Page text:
Oppy is MRO’s Valentine!
As seen from MRO’s HiRISE camera, the Opportunity MER rover sits on the Murray Ridge on Endeavor Crater.
This was part of the investigation of the “jelly donut” rock, as it could have been thrown by a fresh impact. Since the MRO image shows no fresh impact, that was eliminated as a possibility.
(Also, the investigation of the far likelier scenario, Oppy’s wheel breaking a chunk off a rock point, and then “throwing” it, found pretty conclusive evidence that, in fact, that’s what happened.)
PIA17941: Opportunity Rover on ‘Murray Ridge’ Seen From Orbit
NASA’s Mars Reconnaissance Orbiter caught this view of NASA’s Mars Exploration Rover Opportunity on Feb. 14, 2014. The red arrow points to Opportunity at the center of the image. Blue arrows point to tracks left by the rover in October 2013.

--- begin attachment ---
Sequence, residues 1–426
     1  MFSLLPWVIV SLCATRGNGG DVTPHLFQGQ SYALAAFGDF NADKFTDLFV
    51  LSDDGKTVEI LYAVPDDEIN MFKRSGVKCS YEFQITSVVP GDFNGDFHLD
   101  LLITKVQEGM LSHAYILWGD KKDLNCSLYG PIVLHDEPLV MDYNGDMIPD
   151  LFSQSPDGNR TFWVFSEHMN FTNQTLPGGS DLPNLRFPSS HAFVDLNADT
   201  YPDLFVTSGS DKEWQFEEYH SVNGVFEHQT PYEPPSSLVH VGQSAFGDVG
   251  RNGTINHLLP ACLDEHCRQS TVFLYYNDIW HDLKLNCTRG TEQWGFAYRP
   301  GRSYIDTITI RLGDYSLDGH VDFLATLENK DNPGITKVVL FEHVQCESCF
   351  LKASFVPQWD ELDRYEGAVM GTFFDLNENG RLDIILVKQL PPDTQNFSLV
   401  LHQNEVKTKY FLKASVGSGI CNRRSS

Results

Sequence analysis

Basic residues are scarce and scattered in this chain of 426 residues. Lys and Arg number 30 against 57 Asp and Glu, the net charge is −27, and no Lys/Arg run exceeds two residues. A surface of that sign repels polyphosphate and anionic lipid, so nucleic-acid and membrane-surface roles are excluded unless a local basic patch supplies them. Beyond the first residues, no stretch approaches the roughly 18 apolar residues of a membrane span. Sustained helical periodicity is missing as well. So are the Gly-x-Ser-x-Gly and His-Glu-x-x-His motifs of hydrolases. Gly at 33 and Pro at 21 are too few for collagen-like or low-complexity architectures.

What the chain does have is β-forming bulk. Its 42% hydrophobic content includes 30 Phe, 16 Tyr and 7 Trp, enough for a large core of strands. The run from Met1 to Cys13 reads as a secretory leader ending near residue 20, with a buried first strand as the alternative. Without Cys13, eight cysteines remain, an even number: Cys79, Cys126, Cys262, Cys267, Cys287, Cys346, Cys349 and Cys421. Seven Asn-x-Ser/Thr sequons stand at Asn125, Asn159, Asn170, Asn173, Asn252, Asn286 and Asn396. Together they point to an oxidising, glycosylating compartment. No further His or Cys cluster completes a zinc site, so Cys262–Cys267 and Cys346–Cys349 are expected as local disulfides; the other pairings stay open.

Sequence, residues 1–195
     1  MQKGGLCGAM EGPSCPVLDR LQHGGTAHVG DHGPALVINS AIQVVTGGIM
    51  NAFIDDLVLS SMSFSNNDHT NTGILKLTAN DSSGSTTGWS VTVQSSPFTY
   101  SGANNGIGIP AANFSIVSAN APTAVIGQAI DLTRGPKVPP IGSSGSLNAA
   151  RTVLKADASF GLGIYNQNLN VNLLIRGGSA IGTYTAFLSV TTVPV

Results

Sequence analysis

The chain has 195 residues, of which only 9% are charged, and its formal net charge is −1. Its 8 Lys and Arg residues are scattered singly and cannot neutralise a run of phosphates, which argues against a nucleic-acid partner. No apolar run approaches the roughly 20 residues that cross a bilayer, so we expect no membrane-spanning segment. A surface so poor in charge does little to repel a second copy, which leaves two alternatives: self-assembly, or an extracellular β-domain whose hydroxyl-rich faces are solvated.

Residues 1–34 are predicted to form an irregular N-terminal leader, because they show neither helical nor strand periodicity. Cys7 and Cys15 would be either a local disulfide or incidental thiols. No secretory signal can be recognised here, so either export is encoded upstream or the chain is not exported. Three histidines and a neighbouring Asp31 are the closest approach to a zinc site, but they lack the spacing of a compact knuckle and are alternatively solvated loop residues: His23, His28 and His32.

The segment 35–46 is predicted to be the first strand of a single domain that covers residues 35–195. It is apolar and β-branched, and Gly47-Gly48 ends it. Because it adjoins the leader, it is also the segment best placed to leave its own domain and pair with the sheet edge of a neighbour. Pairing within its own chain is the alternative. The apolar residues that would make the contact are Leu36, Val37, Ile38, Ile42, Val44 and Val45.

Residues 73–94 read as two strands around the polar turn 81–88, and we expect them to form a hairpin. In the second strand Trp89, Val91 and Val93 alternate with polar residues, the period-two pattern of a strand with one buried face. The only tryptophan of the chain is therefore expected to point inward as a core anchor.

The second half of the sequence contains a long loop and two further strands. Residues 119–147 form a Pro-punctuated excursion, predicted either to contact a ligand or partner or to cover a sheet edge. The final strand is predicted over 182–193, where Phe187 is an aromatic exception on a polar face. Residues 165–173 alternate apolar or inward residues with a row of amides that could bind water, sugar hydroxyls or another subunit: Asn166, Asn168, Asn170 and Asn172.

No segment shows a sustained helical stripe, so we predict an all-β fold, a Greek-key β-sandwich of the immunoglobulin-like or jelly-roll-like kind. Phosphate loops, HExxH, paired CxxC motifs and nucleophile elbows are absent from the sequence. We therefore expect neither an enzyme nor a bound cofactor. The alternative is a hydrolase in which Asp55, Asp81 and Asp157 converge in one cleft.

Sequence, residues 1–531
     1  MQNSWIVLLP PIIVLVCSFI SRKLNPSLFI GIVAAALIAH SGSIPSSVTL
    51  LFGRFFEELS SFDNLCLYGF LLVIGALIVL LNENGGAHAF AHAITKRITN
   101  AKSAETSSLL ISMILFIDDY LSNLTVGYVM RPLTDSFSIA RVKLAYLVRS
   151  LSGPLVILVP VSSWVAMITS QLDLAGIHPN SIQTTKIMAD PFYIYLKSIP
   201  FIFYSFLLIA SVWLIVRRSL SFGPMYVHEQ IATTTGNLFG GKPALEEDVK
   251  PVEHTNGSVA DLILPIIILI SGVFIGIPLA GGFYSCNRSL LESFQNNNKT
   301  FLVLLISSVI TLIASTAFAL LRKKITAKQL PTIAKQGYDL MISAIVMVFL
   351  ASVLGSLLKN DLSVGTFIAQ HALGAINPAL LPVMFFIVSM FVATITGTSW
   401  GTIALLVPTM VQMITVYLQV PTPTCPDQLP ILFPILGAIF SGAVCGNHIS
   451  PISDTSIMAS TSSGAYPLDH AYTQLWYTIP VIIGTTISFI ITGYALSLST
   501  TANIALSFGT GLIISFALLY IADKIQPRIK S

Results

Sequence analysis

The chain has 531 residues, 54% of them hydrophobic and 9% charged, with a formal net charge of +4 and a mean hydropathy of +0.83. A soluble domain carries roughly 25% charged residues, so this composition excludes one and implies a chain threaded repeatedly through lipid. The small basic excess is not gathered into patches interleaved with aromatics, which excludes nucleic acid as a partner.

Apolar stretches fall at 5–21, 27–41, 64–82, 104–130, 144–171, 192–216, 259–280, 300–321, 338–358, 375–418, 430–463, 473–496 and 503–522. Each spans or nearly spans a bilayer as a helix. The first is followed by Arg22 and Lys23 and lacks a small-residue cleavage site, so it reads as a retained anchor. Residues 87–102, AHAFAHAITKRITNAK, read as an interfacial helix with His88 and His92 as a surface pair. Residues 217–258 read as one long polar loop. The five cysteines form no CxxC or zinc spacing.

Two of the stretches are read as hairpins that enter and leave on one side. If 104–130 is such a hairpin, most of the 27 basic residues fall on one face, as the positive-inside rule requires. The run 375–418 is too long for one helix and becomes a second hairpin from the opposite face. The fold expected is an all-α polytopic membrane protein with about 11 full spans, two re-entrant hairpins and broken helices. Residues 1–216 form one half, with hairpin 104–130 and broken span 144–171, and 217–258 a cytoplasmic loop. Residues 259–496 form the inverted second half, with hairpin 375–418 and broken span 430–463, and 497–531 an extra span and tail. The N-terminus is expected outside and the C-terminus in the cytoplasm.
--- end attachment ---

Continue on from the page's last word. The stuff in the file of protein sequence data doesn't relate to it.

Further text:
HiRISE is one of six instruments on NASA’s Mars Reconnaissance Orbiter. The University of Arizona, Tucson, operates HiRISE, which was built by Ball Aerospace & Technologies Corp., Boulder, Colo. NASA’s Jet Propulsion Laboratory, a division of the California Institute of Technology in Pasadena, manages the Mars Reconnaissance Orbiter and Opportunity for NASA’s Science Mission Directorate, Washington.
For more information about Opportunity, visit http://www.nasa.gov/rovers and http://marsrovers.jpl.nasa.gov.
NASA/JPL-Caltech/Univ. of Arizona
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